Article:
suffers from not loving. Therefore, to love is to suffer, not to love is to
suffer, to suffer is to suffer. To be happy is to love, to be happy, then, is to
suffer, but suffering makes one unhappy, therefore, to be unhappy one must love,
or love to suffer, or suffer from too much happiness — I hope you're getting
--Woody Allen, Love and Death (1975)
In 1995, 43 million prescriptions for antidepressants were written in the U.S. In 2004, the number written was 145 million.
Depressing isn't it?
There are now 300 million people in the U.S. Half of them depressed, the other half are, we can assume, happy or suffering, but not on antidepressants.
This is not including all the aliens living here that must be happy, or happier, than the 3rd world country run by the nicely tanned dictator who enforced a one sheet per day maximum they came from.
I don’t consider myself depressed. . .melancholy perhaps. There are days when I crawl into a dark corner, curl up in the fetal position, and curse war, famine, pestilence, and that other jockey fellow.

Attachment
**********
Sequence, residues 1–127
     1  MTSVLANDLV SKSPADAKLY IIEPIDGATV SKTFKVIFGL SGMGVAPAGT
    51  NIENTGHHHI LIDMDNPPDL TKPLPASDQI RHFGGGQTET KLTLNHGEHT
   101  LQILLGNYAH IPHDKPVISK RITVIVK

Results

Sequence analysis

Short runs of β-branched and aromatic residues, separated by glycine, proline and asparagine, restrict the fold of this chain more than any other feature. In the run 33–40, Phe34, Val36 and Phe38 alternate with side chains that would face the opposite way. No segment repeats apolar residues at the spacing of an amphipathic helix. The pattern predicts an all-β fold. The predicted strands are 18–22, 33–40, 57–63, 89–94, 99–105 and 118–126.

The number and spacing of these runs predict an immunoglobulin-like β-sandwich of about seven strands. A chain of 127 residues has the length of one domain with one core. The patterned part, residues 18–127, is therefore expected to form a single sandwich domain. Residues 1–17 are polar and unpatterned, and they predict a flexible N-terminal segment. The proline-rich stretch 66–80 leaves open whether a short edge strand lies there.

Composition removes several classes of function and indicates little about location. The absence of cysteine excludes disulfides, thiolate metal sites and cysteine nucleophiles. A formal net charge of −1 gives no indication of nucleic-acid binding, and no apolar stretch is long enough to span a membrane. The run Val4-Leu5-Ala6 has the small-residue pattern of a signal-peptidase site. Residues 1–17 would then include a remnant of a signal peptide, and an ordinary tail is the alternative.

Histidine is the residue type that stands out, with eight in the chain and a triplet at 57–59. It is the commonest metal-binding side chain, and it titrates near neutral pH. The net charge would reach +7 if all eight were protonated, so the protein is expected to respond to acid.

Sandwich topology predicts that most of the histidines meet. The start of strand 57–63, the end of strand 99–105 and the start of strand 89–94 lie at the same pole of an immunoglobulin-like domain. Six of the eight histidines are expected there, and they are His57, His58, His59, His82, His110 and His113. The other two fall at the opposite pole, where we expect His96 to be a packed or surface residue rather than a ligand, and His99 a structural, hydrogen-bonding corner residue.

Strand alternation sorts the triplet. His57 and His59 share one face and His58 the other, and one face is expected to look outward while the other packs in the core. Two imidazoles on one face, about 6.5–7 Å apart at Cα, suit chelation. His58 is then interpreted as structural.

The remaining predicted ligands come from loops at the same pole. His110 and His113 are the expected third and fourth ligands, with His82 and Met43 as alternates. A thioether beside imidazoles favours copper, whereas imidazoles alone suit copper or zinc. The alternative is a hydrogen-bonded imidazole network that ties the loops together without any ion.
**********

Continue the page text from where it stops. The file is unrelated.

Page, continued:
Part of the reason is death. Humans, with a few exceptions (Enoch, Elijah, Dick Clark) are mortal, know it, and hence strive for immortality. So, we get sad. I want to achieve immortality myself, although I want to do this by not dying.
Animals don’t get sad because they aren’t aware of impending death. They can’t think abstract subjective thoughts. Perhaps antidepressants, like watching TV, relieve the suffering mind from considering it’s impending doom.
It’s something to think about on your way to the pharmacy.